SINGAPORE — Singapore’s Chief Rabbi and Mufti have exchanged letters reaffirming the solidarity between the country’s Jewish and Muslim communities amid the Israel-Hamas war.
In a letter to Chief Rabbi Mordechai Abergel on Friday (Oct 13), Mufti Nazirudin Mohd Nasir wrote: “We read with deep sadness, worry and grief, the escalation of conflict and violence affecting Jews and Muslims in Israel and Palestine.
“We fear for, and mourn the loss of innocent lives; young children, mothers, the elderly and vulnerable, who are trapped and victimised in this conflict.
“There is no place and no justification for any form of violence and brutality on civilians by anyone, including those by Hamas, or in any retaliatory response. The right of civilians to live peacefully must be protected at all times.”
While he noted that the conflict in the region has a long and complex history, Dr Nazirudin said that both Jewish and Islamic scriptures emphasise the human need for mercy and compassion.
He added that it was this quality that ensures each community has the basic right to practise their beliefs and to live peacefully in this world.
“If these fundamental rights are under threat, it will almost certainly unleash enmity and conflict,” Dr Nazirudin said.
“And the greatest victim and loss in wars and conflicts is humanity itself, when it loses its character of care, concern and compassion for the well-being of others.”
Dr Nazirudin said he prayed and hoped that “both the Jewish and Muslim communities in the conflict zones can work collectively to liberate themselves from being defined and constrained by the politics of the day and seek to live with a different model of respect, tolerance and harmony”.
“There are many peace-loving Jews and Muslims who do not want conflict and have worked hard to create peaceful communities,” he said.
“Like us, they want to live constructive and happy lives.”
Dr Nazirudin said he also cherished the trust and confidence between Singapore’s Muslim and Jewish communities, which allows them to speak “freely and candidly” on what matters most to them, and work together towards commonalities that strengthen instead of focusing on differences that divide.
“Our work to put forth a different model of peaceful coexistence, where every community in Singapore can live peacefully alongside other faiths and celebrate diversity, has now become even more critical,” he said.
“I hope we can share our model of coexistence with the communities in the affected regions and communicate the urgency of peaceful relations to their leaders.
“Despite the overwhelming challenges, achieving peaceful relations is not impossible and is now the greatest urgency.”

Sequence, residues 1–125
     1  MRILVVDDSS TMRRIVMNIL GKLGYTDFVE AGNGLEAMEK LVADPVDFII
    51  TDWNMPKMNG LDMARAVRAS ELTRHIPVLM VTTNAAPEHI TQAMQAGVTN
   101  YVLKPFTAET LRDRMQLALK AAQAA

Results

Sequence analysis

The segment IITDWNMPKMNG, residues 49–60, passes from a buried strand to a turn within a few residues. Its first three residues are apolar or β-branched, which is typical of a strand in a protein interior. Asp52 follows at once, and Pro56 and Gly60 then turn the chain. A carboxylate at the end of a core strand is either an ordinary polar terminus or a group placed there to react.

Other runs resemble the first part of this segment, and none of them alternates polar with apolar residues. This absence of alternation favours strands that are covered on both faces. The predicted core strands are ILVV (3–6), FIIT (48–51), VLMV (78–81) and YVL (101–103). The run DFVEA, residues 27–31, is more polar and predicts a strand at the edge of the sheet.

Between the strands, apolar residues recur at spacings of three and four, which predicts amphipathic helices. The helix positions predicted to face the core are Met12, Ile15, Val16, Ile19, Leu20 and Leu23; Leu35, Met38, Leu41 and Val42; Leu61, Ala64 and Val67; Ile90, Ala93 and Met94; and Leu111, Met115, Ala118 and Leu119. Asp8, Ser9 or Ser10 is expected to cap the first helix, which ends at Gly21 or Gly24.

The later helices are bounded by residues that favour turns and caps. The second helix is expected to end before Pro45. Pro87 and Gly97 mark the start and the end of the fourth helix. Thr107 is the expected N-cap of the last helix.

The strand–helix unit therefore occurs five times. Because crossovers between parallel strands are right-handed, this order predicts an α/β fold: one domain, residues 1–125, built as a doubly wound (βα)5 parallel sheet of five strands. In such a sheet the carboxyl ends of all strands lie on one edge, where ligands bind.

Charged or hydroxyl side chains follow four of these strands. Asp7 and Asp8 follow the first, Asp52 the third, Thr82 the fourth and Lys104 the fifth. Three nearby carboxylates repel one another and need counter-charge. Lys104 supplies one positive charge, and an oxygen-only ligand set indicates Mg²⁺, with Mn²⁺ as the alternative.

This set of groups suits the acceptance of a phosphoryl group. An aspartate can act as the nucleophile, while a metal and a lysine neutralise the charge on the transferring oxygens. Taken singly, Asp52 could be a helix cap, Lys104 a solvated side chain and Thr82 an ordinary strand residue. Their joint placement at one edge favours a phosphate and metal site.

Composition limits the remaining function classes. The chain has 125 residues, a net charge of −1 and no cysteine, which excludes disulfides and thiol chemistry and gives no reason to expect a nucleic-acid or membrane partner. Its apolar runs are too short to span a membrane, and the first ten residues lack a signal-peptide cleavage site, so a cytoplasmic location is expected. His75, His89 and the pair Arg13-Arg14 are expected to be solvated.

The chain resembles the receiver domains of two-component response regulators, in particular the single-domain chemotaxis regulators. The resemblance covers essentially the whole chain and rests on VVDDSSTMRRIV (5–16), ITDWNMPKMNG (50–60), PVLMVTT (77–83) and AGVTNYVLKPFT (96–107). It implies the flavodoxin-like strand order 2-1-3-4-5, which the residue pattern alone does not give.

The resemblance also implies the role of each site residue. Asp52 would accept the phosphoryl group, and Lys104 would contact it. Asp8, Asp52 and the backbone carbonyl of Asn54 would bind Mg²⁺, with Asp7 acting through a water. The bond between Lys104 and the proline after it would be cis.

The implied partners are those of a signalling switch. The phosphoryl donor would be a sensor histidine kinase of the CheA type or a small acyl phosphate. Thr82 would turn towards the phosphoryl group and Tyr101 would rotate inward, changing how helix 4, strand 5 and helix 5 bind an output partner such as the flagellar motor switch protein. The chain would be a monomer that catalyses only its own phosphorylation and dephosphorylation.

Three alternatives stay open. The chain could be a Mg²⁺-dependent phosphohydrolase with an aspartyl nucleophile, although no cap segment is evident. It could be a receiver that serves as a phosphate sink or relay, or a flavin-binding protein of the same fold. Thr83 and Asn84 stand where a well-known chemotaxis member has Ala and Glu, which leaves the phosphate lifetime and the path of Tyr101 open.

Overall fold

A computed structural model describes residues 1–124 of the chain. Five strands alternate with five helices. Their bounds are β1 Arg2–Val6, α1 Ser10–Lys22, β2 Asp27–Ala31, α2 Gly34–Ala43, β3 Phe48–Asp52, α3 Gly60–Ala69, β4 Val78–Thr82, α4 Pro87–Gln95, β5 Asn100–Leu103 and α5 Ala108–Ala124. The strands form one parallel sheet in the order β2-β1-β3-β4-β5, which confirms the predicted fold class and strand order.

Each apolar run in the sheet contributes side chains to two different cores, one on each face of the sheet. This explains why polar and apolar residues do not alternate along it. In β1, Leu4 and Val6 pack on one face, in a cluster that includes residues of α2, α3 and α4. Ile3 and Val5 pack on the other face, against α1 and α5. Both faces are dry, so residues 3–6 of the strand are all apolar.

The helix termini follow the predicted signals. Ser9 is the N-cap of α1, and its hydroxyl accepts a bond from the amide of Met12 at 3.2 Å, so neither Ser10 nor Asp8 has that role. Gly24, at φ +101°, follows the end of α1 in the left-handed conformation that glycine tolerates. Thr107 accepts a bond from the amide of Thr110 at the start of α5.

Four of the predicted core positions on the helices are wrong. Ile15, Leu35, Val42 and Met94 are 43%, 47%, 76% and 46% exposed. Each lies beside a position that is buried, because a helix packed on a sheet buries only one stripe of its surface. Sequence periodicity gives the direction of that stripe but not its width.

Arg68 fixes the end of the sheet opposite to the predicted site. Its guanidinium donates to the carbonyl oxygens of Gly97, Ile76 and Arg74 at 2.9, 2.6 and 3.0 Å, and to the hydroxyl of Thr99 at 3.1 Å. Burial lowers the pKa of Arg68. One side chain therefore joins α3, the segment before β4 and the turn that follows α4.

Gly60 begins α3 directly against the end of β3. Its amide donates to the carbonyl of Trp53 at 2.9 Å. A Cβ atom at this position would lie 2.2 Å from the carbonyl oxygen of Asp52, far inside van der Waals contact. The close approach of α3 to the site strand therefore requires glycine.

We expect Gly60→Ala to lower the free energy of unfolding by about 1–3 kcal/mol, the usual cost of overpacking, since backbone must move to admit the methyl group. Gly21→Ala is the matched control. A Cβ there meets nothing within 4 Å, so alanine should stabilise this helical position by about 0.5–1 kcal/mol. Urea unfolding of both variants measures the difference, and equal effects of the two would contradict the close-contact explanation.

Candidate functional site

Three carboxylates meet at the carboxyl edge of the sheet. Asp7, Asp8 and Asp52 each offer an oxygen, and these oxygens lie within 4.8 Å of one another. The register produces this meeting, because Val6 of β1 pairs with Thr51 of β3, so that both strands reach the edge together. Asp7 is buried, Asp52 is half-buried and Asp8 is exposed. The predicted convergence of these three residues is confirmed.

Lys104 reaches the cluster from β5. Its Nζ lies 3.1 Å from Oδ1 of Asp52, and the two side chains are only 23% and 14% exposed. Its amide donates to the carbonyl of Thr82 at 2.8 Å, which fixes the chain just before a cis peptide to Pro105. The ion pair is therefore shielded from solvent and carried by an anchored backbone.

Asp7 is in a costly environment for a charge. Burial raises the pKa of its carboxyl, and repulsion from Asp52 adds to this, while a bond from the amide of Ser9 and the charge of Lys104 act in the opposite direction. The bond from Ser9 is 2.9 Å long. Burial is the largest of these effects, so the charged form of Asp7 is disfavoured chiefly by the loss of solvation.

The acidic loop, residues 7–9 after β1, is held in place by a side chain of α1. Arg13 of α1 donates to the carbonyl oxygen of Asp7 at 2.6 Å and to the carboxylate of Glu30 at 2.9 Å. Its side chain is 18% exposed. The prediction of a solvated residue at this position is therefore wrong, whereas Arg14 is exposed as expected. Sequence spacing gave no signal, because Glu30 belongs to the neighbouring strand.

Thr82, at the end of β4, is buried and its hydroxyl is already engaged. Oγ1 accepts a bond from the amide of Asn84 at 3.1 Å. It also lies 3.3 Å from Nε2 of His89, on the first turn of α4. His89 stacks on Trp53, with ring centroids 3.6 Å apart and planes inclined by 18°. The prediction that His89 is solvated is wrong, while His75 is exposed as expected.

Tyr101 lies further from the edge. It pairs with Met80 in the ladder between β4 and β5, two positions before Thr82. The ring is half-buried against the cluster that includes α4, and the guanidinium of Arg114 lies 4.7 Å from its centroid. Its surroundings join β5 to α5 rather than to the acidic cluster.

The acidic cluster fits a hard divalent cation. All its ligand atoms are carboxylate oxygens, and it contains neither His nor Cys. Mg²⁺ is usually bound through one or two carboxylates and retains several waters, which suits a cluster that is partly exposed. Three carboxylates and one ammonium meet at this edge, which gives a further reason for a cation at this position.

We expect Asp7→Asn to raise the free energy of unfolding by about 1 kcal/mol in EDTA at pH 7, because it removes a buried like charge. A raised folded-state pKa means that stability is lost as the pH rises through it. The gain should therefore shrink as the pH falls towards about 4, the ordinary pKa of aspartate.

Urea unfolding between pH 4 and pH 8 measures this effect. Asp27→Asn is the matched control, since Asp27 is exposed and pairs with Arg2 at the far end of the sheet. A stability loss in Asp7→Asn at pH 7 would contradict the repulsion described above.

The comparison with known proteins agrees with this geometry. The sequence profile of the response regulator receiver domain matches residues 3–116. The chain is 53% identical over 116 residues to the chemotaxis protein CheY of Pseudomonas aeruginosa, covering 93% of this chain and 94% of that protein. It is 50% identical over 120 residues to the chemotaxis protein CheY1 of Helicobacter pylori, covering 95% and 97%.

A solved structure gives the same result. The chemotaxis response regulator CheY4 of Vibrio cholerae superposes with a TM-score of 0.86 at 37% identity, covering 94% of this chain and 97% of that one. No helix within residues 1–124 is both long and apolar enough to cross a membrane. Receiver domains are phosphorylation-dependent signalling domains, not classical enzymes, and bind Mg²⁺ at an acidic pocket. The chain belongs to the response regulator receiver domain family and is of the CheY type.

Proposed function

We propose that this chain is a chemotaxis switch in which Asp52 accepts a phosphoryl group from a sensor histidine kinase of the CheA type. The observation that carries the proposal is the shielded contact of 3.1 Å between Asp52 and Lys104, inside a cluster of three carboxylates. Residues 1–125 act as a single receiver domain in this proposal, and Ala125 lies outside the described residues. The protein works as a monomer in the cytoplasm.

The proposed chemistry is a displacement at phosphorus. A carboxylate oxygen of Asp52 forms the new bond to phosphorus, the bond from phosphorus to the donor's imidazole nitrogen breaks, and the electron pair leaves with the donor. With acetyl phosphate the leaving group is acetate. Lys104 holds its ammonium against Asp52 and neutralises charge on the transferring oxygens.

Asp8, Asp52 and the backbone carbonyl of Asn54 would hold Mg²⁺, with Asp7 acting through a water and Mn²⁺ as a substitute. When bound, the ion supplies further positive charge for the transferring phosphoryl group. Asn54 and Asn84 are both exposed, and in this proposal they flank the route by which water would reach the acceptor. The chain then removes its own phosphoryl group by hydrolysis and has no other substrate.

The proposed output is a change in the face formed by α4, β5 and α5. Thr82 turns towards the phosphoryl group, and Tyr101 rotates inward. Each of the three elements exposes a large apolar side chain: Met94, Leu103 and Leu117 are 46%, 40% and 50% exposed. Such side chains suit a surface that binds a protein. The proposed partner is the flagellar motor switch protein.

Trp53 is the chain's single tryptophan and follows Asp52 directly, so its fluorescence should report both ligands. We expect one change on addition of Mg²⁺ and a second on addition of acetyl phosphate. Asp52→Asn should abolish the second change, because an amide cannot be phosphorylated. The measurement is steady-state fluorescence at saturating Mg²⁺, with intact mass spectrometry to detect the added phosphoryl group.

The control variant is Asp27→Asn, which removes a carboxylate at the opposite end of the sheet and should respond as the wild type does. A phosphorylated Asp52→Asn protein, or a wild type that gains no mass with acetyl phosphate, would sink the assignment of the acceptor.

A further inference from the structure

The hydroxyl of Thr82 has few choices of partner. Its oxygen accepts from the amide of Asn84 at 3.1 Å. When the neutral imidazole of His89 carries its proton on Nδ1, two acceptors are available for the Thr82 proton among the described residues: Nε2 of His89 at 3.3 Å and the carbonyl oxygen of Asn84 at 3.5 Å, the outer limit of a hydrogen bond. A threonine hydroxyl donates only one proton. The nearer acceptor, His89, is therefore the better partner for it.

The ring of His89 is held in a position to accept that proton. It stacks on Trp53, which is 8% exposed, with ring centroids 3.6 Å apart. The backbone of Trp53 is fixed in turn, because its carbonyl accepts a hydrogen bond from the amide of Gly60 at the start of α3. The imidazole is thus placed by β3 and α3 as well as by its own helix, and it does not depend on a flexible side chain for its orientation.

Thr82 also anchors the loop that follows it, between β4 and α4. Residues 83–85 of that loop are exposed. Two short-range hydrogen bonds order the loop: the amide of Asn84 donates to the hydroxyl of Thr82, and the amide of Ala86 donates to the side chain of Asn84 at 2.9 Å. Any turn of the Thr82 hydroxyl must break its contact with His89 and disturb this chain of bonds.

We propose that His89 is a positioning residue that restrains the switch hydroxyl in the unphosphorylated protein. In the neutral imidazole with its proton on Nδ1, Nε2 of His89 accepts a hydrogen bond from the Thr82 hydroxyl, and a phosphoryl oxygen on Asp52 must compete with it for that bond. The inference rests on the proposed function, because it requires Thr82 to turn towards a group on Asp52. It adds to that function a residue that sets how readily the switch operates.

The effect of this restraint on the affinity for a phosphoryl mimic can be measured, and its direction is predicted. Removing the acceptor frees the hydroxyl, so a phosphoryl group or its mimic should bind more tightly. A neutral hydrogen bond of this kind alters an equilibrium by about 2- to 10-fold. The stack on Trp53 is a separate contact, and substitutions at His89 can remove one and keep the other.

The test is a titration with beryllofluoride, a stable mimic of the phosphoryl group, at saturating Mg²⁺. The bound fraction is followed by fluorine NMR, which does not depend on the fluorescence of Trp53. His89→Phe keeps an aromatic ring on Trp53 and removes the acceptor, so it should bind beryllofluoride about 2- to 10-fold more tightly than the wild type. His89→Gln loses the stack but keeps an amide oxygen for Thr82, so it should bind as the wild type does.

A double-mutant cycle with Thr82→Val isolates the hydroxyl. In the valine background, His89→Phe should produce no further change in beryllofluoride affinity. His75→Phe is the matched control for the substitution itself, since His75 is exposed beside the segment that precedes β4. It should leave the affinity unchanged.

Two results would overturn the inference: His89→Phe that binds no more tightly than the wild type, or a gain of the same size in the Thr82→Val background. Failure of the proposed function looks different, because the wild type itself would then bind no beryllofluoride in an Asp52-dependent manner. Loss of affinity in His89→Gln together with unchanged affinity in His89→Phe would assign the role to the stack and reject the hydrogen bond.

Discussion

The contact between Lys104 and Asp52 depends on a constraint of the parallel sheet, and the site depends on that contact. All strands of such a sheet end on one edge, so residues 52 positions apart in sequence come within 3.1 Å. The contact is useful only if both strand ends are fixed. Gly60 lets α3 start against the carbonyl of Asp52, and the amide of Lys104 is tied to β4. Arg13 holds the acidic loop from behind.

‘OF THE UTMOST IMPORTANCE’ TO CEMENT BONDS OF FRIENDSHIP
In his reply on Sunday, Rabbi Abergel said that it was “heartwarming and encouraging” to receive Dr Nazirudin’s letter expressing the solidarity of the Muslim community with the Jewish community in Singapore.
“We are likewise grateful and deeply touched for the many messages of condolences and unwavering support on the part of Singaporeans of all walks of life, religion and creed,” he said.
Rabbi Abergel said there will be difficult days ahead and “it is of the utmost importance to further cement the long-lasting and solid bonds of friendship between our communities, rooted in the shared views of our religious traditions”.
He also thanked the Singaporean authorities for their zero-tolerance policy on hate speech, religious hatred and incitement of any kind.
“However, it is up to us and our communities to ensure that we protect and maintain the delicate fabric of our unique society which is a role model of religious tolerance and respect throughout the world,” he said.
The amount of loss of life from Hamas’ attacks last Saturday is impossible to comprehend, said Rabbi Abergel, adding that the pain of the grieving families and the “unimaginable stress” of those agonising about the fate of their missing loved ones were “impossible to bear”.
He said that Singapore’s Jewish community was “still under the shock” of the atrocities committed by Hamas militants during the Simchat Torah festival, which marked the conclusion of the Jewish High Holy Days.
“What makes these attacks unique is that never since the Second World War have Jews been so brutally slaughtered,” he said.
Rabbi Abergel said the community’s hearts and prayers are also with the innocent Palestinian civilians who have lost their lives in this “senseless conflict”.
“We do hope and pray for a peaceful and long-lasting solution to this war and a permanent peace between Israel and the Palestinian people as elusive as it might seem at this moment,” he said.
Israeli forces were on Sunday readying for a looming Gaza ground invasion aimed at destroying Hamas.
In the eight days since Hamas gunmen killed more than 1,300 Israelis in their surprise onslaught, Israel has responded with a devastating bombing campaign that has claimed over 2,300 lives in Gaza. CNA
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